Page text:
Lifelines of Hope

Author: Carla Stumpf-Patton

Photo Courtesty of Kirsten Yuhl-TorresWe will never forget where we were and what we were doing when we heard the knock on the door that brought the devastating news of the death of our loved ones. The exact moment in time when life as we once knew it was irrevocably and forever changed is seared in our memory. In those moments, life can feel as if it were suspended in the darkness of pain and sorrow. We are lost in unchartered and foreign terrain and unable to find solid ground to move forward — until we find a lifeline of hope that helps us understand new possibilities of how we will make it through this.

And we do make it through. One step at a time, one day at time, one moment at a time and, occasionally, one breath at a time. These lifelines come in many forms, such as support from peer survivors or newfound encouragement that offers us strength. These anchors amid our grief give us safe footing to stand again with something that drives us forward. Two TAPS families share their journey of healing and how lifelines of hope have given them a renewed sense of purpose. 

Kirsten Yuhl-Torres explains how she never thought more about hope than on the day she lost it - the day her family was notified that their only son, Sgt. Joseph W. Perry, was killed in action in Iraq on Oct. 2, 2006. He was only 23.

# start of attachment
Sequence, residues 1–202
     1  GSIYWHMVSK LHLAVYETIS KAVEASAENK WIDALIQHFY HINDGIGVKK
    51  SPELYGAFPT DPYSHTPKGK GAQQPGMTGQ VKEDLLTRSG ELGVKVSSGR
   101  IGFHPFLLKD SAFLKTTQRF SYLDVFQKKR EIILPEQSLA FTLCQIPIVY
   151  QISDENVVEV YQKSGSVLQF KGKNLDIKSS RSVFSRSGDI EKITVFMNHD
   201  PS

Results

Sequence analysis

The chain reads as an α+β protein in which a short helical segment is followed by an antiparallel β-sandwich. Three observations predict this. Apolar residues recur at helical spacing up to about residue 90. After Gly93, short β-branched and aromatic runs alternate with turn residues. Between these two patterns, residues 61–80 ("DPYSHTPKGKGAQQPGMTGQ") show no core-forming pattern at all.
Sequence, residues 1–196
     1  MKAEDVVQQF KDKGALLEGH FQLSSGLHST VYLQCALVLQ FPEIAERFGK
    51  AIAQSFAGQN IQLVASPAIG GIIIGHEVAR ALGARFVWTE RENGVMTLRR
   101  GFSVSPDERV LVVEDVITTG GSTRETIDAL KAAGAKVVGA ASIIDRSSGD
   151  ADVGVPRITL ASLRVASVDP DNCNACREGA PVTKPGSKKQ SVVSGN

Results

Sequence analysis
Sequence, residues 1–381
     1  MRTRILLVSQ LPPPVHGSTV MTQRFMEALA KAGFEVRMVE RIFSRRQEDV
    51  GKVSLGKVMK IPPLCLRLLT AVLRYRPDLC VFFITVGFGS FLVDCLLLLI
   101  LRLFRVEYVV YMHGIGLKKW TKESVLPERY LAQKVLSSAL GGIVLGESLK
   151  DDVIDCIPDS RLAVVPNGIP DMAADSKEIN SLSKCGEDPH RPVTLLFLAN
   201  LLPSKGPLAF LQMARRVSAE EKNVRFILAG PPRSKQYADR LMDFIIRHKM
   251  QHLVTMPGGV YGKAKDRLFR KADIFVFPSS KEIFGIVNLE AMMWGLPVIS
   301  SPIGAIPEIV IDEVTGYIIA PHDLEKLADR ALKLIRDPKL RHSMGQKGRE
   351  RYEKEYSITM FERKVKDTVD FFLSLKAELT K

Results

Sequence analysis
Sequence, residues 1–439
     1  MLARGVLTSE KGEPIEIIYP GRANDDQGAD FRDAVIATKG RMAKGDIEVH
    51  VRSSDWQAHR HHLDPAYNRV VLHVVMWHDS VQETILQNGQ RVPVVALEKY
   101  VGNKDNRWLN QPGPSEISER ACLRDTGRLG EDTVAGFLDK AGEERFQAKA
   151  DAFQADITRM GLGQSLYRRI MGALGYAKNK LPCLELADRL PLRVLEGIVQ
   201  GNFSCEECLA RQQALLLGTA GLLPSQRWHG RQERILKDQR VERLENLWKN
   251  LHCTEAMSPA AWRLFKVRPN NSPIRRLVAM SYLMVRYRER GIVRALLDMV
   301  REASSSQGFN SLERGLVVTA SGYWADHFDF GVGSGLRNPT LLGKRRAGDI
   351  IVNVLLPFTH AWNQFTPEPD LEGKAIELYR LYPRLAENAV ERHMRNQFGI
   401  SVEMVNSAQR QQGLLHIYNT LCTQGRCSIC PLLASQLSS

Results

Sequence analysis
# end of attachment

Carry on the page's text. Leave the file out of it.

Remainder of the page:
It was the day when "our future, our hopes and dreams, came to a devastating halt." Kirsten remembers thinking that "when you lose a child, you feel as though you have lost your future, and Joe was our only child. I thought we would never feel hope or happiness again, but I was wrong. Hope can come from tragedy."

For Kirsten and her family, hope began with the phone calls from Joe's commander and platoon leader who reached out to console the family. They were grateful to be connected to the soldiers with whom Joe had once served. Kirsten says during Joe's deployment they sent care packages as a way to maintain contact with him. "It brought joy to us as we packed food and goodies into the boxes that we mailed." 

Kirsten and her husband later learned there was a sister unit in Iraq and decided to ship 200 containers of Cup O' Noodles soups (Joe's favorite) to the first sergeant of the company. "We needed to continue doing this. Doing something that we had done for Joe made us feel alive again." 

Then they received a gift of hope - a letter from a soldier thanking them. The parents were elated and began sending individual packages to the soldier. He wrote them back, asking them to send care packages to soldiers in the company who did not receive any mail. So they started sending packages to these other soldiers, too. 

Kirsten explains how the new connections with soldiers felt like "tributaries of hope, lifelines that reached back and forth between people we didn't even know. As connections to soldiers grew, the joy began to return to our lives. We thought we would never feel hope or  happiness again, but we did!"